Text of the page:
A Proper Location Shoot

By Zara Balfour, Jacaranda-Barclays Citizenship Award filming team

We are in the midst of post-production for the Barclays Citizenship Awards – this year producing 72 films. The Citizenship Awards celebrate outstanding Barclays employees that have brightened the lives of their communities worldwide with volunteering activity. From the moment that the Barclays finalists are announced we have 7 weeks in which to complete the production process, which includes arranging shooting in – and despatching film crews to 30 locations in 14 countries worldwide, getting them and their footage safely home, and then editing, creating graphics and finally delivering all 72 films hot off the press to the Awards Ceremony.

Our brief is to film each Barclays finalist as well as the charity and community projects that they have supported. Working to the very tight turnaround period, our production approach has to be aerodynamic in its efficiency, whilst highly sensitive and friendly as the stories we are documenting often involve vulnerable and disadvantaged people. Our production team have ten days in which to create a rapport with all the Barclays employees, charitable and community projects and NGO’s involved so they can work out how best to film each story. Simultaneously they plan all the logistics of travel, before they and accompanying directors take off to start shooting.

This year finalists were chosen from countries as diverse as Portugal, Spain, South Africa, USA, Canada, Nepal, India, Kenya, Pakistan, Switzerland, Egypt, Japan and Ghana. The extremely talented Marcus Stephenson and I, Zara Balfour, traveled to film finalists in the Asia Pacific region; first stop: Nepal.

Arriving in Kathmandu we met the finalist team that, whilst working at Barclays in Singapore, had set up a charitable foundation to build schools and volunteer in rural Nepal. Over supper we learned more about their vision, enabling us to get further to the heart of their Himalayan story.

Next morning we traveled together to see the schools and meet the schoolchildren they’ve helped. Getting there was by no means easy. In rural Nepal, there are few roads and fewer vehicles. It is common for a child to walk 3 – 4 hours each day to get to and from school. Some children live so far from their nearest school that they have to stay with family friends from the age of 7 or 8, often not able to return home to see their parents until they are in their mid-teens. Hence there is a desperate need here, in one of the world’s poorest countries, for more school building to be funded.

Our journey into the Himalayas saw us crammed onto bench seats in the back of a jeep, clinging to its roll-over bars as the vehicle literally bounced its way up death-defying mountain passes. The roads are made of dust alone, meaning that the jeep had to be swathed in black plastic and we had to wear face-masks to survive the dust clouds that still managed to eek their way into the dark interior of the jeep and our lungs. We couldn’t see outside, it was blisteringly hot and we could barely breathe. The jeep was jerking suddenly and violently and throwing us passengers into each other every few minutes. We felt like illegal immigrants in a hostage truck.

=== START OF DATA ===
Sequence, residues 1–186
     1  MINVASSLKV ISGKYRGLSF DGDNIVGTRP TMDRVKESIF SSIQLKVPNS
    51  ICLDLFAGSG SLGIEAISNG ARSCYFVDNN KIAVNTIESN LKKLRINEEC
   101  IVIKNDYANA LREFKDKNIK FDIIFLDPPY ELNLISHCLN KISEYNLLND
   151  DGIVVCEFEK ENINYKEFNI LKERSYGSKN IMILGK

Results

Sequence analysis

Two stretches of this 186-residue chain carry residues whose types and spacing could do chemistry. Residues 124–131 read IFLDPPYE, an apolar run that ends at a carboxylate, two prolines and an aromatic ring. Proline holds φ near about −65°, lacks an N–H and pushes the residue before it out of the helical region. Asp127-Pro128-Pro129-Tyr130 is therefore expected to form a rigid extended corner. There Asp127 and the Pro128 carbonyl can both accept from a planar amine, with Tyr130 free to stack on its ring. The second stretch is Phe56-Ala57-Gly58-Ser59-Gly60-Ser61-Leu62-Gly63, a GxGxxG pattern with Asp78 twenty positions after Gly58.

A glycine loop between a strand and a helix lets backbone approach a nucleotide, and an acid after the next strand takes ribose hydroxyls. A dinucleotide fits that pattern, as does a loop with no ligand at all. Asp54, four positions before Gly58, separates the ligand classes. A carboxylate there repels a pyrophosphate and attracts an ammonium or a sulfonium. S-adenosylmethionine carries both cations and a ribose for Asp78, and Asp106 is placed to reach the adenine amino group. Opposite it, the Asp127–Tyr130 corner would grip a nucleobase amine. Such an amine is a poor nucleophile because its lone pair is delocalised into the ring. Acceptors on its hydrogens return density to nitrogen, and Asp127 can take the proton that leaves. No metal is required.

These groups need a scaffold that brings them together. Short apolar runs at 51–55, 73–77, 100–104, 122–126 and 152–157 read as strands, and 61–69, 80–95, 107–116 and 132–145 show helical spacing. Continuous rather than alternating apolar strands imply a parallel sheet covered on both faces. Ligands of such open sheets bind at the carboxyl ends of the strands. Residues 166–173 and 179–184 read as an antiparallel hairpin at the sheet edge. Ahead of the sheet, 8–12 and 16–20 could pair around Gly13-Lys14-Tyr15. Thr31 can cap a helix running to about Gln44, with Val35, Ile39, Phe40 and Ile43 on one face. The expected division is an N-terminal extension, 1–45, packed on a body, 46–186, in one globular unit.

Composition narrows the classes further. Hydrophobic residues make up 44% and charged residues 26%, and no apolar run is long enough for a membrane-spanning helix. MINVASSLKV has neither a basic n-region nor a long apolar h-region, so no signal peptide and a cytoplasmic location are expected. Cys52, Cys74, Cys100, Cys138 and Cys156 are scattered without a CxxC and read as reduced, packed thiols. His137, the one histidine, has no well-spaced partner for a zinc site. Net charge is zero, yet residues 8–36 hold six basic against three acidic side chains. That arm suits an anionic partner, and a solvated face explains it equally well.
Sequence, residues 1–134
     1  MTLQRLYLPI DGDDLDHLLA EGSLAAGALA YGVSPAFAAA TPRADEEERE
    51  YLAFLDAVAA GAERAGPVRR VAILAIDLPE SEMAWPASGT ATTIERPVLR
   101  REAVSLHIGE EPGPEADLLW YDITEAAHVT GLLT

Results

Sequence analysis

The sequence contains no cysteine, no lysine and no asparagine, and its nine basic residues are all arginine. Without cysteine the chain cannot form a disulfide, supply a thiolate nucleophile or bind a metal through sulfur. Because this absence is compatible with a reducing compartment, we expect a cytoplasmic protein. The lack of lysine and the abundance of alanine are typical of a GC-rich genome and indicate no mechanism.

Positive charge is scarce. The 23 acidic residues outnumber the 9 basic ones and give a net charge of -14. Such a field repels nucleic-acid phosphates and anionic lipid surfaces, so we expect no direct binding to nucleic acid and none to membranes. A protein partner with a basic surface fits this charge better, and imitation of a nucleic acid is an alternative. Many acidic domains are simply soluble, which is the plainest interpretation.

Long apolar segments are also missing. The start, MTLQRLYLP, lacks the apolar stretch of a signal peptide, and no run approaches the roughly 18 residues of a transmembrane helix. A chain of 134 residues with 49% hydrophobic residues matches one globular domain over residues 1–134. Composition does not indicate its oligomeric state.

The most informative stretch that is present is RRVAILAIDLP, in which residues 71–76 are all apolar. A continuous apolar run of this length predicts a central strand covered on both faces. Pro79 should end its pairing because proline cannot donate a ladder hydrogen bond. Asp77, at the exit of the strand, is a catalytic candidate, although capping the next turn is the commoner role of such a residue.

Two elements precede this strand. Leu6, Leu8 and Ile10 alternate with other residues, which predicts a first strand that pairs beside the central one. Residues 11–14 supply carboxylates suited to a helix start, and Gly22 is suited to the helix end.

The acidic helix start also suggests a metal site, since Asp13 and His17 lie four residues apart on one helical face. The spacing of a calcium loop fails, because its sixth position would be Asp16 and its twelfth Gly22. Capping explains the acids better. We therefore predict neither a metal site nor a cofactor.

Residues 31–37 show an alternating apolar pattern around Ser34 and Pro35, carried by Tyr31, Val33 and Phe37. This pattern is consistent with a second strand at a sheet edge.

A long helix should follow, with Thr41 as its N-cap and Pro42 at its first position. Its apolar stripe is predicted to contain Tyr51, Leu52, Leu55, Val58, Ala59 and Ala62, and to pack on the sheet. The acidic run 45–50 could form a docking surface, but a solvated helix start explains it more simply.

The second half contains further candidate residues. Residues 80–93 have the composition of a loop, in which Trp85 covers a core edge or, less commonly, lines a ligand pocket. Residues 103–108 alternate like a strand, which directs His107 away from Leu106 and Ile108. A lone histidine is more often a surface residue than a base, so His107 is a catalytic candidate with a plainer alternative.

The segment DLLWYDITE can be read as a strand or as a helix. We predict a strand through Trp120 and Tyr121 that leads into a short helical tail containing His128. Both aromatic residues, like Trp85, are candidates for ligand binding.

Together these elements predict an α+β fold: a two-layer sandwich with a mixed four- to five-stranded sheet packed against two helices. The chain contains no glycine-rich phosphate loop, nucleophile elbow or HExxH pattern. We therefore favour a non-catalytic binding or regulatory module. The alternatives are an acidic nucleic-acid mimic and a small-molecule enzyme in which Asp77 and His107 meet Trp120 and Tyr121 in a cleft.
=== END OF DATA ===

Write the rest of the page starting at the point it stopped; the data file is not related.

This ‘torture’ more than paid off when we stepped out of the truck several hours later. The view was heart-stoppingly beautiful: the verdant valley stretching for miles with a lazy winding river at the bottom, perfectly carved crop terraces clinging to the mountains that surrounded us, their corn swaying in the warm, gentle breeze and some of the world’s highest snow-topped mountains reaching to the horizon beyond.

The final part of our journey had to be made on foot as we had reached the end of the roads. We arrived at the Future Village School, which was to be our home for the next few days as there are no hotels in this part of the world. Nor is there any electricity or hot water. It was beautiful in its simplicity and the most peaceful place we had ever been. And then came the moment we’d dreaded – checking whether our camera equipment had survived the dust and bumps. Happily it had, thanks to Marcus’ clever packing and kit streamlining, and we were able to start shooting the sunset.

Whilst staying together in the school and eating supper under a night sky lit only by stars, we created a bond between crew and Barclays finalists that meant they could relax when the time came for their on-camera interview. Likewise we were enabled to represent their story truthfully and accurately on film.

The next day we awoke with the dawn at 5am to get the camera kit ready. At 6am sharp, the mountains above and valleys below came alive with small children in colourful clothing wending their way across the tiny single-file passes towards us at the school. The walk to school may be long and tough but even children as young as 3 skipped across the passes with the assuredness of mountain goats, arriving at school eager to learn and star in their first film.

Apparently the people of this region had never seen a foreigner until the Future Village School was founded 8 years ago; at that time the younger children had been so scared by the unfamiliar-looking face that they cried. Thanks to the Barclays volunteers that have been teaching them English since, they greeted us with a big smile and a “hello, hello, hello”.

We all agreed that life in the “Kingdom of Mountains” was undoubtedly hard and underprivileged but nonetheless the people were some of the friendliest and happiest we had ever met. Thus we began to understand why a popular expression in Nepal is: “N-Never, E-Ends, P-Peace, A-And, L-Love”.

Next stop on our itinerary – and to be the next instalment in our blog – Mumbai, India…

Original article from Jacaranda’s blog: http://jacarandamimosaifolia.wordpress.com/2012/05/13/a-proper-location-shoot/

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